Public health expert Nick Wilson is calling on the Government to introduce masks on flights - and says its current advice is outdated.
His call comes after the International Civil Aviation Organisation this week adopted a number of health measures to enable safe travel during the COVID-19 pandemic.
Aside from the use of masks, the recommendations include testing, distancing, screening, contact tracing, health declarations, and regular sanitation.
The Ministry of Health said it was reviewing the guidance - and had some measures, such as declarations, screening and tracing, already in place.
University of Otago public health expert Prof Wilson said based on overseas evidence, wearing masks onboard aircraft made a lot of sense.
"The idea about requiring masks on flights is a very good one," he said.
"We have actually seen in literature some examples of COVID-19 spread on planes."
Some airlines around the world already require masks.
Wilson said research from Hong Kong showed that 99 percent of people who went outside covered their faces - and despite its dense population, the city has had only four deaths from COVID-19.
He urged the Ministry of Health to update its advice on masks.
"There was some very poor advice I think provided by the ministry and it was partly based on the fear that we would run out of masks and there wouldn't be masks available for health workers," Wilson said.
"That is no longer a valid concern."
The Ministry of Health told RNZ in a statement that it was currently reviewing the guidelines by ICAO.
"The Ministry of Health is continuing to work closely with border stakeholders and the aviation sector to implement, review, and where necessary, strengthen border measures," the ministry said.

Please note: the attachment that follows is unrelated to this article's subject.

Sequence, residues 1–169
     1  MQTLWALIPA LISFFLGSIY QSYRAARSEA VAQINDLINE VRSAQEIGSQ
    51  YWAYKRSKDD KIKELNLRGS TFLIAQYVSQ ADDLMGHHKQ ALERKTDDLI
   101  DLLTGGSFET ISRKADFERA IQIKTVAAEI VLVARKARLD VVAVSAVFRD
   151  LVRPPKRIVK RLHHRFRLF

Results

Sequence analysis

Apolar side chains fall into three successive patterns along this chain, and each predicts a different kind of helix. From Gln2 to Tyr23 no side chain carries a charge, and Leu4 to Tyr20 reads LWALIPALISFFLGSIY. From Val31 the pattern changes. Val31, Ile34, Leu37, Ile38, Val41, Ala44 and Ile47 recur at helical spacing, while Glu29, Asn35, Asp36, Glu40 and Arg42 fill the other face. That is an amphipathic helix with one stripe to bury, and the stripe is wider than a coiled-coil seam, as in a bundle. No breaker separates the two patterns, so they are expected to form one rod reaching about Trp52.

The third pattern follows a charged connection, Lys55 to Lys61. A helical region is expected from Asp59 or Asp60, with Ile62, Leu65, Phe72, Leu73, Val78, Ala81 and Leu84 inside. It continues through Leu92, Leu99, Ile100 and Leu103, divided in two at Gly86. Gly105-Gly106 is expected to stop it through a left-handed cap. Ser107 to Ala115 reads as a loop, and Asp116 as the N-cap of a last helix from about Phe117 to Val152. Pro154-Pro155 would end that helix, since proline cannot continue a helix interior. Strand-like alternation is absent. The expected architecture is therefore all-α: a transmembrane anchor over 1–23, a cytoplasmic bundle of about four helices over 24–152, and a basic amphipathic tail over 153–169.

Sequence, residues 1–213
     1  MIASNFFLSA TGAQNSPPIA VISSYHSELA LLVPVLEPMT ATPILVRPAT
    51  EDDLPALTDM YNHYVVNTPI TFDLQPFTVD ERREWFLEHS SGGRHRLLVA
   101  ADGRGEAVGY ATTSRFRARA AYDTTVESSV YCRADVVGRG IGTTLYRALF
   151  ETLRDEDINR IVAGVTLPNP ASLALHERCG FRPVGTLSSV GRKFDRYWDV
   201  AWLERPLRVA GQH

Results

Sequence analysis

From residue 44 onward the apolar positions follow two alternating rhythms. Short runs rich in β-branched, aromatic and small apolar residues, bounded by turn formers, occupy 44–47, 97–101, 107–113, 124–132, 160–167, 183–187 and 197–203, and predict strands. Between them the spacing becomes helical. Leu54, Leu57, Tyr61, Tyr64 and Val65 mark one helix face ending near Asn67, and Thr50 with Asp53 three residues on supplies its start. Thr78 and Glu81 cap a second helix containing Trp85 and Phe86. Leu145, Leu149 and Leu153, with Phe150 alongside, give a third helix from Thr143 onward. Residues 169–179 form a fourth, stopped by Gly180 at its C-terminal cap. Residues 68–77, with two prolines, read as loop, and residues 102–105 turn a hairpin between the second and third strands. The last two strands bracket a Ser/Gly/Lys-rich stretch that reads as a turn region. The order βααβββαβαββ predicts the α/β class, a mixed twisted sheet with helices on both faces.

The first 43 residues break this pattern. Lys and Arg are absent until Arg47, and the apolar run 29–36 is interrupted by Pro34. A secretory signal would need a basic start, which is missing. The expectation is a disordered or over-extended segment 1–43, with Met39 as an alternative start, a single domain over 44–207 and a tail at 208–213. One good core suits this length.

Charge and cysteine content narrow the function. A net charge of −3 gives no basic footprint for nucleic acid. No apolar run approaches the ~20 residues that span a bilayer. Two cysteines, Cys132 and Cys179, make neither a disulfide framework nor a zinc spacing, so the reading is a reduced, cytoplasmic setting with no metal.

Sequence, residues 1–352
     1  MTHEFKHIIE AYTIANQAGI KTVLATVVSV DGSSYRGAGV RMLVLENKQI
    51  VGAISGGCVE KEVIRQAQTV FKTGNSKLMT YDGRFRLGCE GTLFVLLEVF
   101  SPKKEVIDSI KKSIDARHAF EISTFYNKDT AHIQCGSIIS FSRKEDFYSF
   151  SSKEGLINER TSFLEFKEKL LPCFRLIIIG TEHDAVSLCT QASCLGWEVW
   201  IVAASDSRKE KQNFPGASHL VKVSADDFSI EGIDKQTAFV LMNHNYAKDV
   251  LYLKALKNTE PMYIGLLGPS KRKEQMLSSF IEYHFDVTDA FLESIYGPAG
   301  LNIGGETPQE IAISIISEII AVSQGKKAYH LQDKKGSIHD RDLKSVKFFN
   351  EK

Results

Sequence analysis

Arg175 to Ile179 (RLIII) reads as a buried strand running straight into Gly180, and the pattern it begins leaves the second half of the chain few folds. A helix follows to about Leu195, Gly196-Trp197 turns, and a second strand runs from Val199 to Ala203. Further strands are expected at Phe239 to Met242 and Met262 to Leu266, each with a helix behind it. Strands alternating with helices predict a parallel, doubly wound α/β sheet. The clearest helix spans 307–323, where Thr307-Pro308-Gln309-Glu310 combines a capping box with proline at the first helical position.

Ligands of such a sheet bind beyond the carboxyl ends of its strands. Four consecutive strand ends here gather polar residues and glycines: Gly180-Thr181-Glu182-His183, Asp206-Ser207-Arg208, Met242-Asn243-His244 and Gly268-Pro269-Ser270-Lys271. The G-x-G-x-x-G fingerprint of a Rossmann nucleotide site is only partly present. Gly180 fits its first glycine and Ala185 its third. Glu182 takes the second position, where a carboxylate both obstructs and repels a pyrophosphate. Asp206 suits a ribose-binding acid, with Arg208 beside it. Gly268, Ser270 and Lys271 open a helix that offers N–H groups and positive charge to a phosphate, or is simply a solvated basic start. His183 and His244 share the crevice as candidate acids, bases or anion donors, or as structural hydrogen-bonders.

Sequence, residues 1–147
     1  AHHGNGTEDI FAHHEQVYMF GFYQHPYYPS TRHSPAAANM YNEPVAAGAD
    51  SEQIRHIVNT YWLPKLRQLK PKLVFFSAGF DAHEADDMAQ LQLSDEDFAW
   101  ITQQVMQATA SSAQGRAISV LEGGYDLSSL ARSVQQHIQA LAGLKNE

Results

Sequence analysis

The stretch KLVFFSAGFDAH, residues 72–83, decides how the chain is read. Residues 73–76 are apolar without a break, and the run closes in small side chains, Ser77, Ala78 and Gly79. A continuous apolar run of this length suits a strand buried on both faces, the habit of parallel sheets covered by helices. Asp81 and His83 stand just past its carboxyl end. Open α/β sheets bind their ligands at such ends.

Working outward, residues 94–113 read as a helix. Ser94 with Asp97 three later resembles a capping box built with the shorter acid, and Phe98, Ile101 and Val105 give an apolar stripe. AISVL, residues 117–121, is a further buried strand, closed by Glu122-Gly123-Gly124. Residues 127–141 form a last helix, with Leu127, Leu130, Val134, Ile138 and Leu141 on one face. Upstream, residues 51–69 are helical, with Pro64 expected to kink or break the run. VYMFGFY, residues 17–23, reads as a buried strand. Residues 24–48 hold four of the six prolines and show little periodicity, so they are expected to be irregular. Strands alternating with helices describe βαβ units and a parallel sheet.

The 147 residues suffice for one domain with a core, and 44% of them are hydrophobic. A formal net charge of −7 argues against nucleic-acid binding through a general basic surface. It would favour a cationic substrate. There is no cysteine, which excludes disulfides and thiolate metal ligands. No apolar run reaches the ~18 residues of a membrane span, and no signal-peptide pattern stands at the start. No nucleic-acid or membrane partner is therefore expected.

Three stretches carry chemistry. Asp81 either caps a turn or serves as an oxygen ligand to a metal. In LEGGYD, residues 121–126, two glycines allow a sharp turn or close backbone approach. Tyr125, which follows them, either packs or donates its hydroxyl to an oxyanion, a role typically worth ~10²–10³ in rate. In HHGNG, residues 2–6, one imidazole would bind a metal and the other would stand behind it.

Aviation commentator Peter Clark said with New Zealand having gone two weeks without a single coronavirus case and with alert level 1 looming, ICAO's advice was not needed.
Wearing masks on long-haul flights would be a struggle, he said.
"It would be very hard sometimes to be wearing masks for 14-odd hours," he said.
"You have to eat, you have to blow your nose, you have to do things and it's only reducing the potential risk - it doesn't alleviate the risks."
Clark said the proposals should only affect countries with high density populations.
"Certain people may want to do these things and there are aspects of cleaning the aircraft - and that sort of thing is quite essential."
Wilson said people would wear masks on flights if they were required.
"People can hook up the masks for meal times and so on but pull them down afterwards, and with proper mask design it's very comfortable to... sleep," he said.
New Zealand must learn lessons in managing COVID-19 from countries, such as like Taiwan, which avoided a lockdown by using masks, digital technology and smart quarantining, Wilson said.